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Gene research uncovers promising combination therapy for triple negative breast cancer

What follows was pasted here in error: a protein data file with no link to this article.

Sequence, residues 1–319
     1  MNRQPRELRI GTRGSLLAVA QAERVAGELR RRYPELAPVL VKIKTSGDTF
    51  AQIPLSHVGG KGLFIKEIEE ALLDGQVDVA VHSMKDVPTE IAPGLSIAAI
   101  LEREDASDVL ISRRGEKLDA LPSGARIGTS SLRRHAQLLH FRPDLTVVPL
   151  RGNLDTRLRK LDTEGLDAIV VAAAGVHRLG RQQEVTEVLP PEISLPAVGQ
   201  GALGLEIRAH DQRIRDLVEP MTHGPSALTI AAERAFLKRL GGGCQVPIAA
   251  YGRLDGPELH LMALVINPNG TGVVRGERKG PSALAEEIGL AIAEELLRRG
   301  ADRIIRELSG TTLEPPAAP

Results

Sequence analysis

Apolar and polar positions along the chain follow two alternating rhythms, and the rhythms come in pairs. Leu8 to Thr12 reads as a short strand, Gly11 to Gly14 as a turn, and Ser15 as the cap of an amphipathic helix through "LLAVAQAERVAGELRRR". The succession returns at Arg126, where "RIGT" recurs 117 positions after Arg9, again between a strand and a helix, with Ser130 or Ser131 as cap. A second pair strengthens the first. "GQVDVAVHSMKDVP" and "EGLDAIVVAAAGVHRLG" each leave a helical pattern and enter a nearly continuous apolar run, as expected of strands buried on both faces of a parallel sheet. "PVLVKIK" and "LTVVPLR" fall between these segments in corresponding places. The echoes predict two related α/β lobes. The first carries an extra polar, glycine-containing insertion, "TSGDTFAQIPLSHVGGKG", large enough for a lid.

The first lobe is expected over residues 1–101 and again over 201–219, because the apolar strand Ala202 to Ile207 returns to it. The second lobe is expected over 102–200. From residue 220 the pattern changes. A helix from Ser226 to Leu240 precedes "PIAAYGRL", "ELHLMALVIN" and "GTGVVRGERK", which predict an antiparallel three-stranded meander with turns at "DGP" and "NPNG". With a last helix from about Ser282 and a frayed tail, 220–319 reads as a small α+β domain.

Breast cancer is the leading cause of cancer death in women around the world, responsible for 1,700 deaths every day. Although the vast majority of breast cancers are treatable, the most aggressive subtype—triple negative breast cancer (TNBC) – has a high recurrence rate, a high potential for metastasis and shows resistance to conventional treatments, leading to very poor prognosis and survival outcomes. A team of researchers at the Research Institute of the McGill University Health Center (RI-MUHC) conducted a preclinical study and discovered a novel targeted combination therapy that efficiently reduced tumor growth in metastatic breast cancer. Published in Nature Communications, their findings could lead to the development of a novel first line targeted therapy for the treatment of TNBC, with the prospect of rapidly transitioning to clinical trials in humans. Read More

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